I’m pleased to announce that Floating Doctors is launching as this post is being published!
We wrote about Floating Doctors previously in Rising Pyramid, but their launch was delayed. Apparently, there must have been a reason for their delay, because the disaster in Haiti occurred just as they wrapped up final preparations. Floating Doctors has adjusted their course to stop at Haiti first and to provide general aide. The majority of doctors providing support in Haiti require lodging and food, but Floating Doctors come with their own “house” as well as $3M of supplies.
Safe sails Floating Doctors, Rising Pyramid wishes you all the best!
“The significant problems we face cannot be solved at the same level of thinking we were at when we created them.”
- Albert Einstein
In order for the markets in the developed world to connect to the developing world, a major paradigm shift must occur. According to Steven R. Covey, “Paradigms are the mental models that every person uses to perceive information, people and themselves. These are filters that help us make some sense of reality and act as a lens from which we see the world.” In laymen’s terms, a paradigm is the way our minds are trained to react to something. In the developed world, charity donations are the ‘go-to’ method for helping out those less-privileged. In times of crisis, as we have seen with Hurricane Katrina and the massive earthquake in Haiti, donations of food and money are of the utmost importance at the time. So much money will have to be reinvested into the infrastructure, buildings, medical aid, and food, that large scale donations of money are imperative. However, when we re-examine the BoP and their daily struggles, it is not the case that donating money will solve the larger issues.
There are a few shifts that I think are necessary for increased communication, collaboration, and market connection between the developed and developing worlds.
1. Improved and expanded media coverage of the developing world
2. A shift towards more innovative ways of helping the poor
3. A shift away from the negative stereotypes of market interactions with the developing world.
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Tuesday’s 7.0 magnitude earthquake in Haiti was a travesty of epic proportions, but it also paves the way for humans to show their compassion in a meaningful way. I’m still feeling shocked by the sheer size of the death toll. Early reports indicate that the earthquake could have resulted in as many as 100,000 deaths, which is over 30 times the number that died on September 11th and nearly 50 times the number of deaths from Hurricane Katrina. As in past disasters, the survivors need support now more than ever before.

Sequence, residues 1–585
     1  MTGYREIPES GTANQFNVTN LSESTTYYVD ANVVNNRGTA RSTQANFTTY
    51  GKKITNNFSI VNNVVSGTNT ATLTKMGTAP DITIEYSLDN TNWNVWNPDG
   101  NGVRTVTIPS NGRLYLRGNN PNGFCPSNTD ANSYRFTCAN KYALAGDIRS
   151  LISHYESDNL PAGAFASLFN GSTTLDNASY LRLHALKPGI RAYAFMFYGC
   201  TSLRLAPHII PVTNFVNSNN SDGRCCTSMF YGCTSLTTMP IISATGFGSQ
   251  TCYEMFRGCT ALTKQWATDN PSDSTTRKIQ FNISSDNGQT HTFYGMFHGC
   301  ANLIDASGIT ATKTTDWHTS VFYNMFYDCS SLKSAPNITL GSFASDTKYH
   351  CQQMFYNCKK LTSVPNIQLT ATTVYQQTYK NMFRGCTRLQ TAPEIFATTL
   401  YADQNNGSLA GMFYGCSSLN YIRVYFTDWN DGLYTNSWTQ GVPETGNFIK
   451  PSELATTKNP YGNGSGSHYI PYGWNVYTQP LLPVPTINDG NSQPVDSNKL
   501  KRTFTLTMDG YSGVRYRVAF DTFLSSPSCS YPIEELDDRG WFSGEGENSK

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This week I want to highlight an initiative that the Rockefeller Foundation started in 2007: Accelerating Innovation for Development. In a Business Week interview at the Aspen Design Summit, Antony Bugg-Levine, Managing Director of the Rockefeller Foundation, highlights some fascinating and exciting paths towards working with the Bottom of the Pyramid. Mr. Bugg-Levine heads the Accelerating Innovation for Development initiative at the Rockefeller Foundation, a study assessing the right approach towards a design-centered business model that applies in the developing world. What is truly inspiring to observe is the role of the locals/BoP consumers in this study. They are not viewed as end-users who will accept any product that is placed in their locale. Instead, they are integral in the success of such design business models. The Rockefeller Foundation has outlined four key outcomes that they wish to accomplish through this initiative:
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As we enter a new decade, let us take a moment to pause and reflect on the true intention of social businesses. As we’ve stated before, a social business is any business that is focused on providing goods and services that will help those developing countries rise out of poverty and improve their standard of living. Taking a step back, what does this really mean? What is the definition of “development”? How do we measure poverty? What is the true purpose of a social business?
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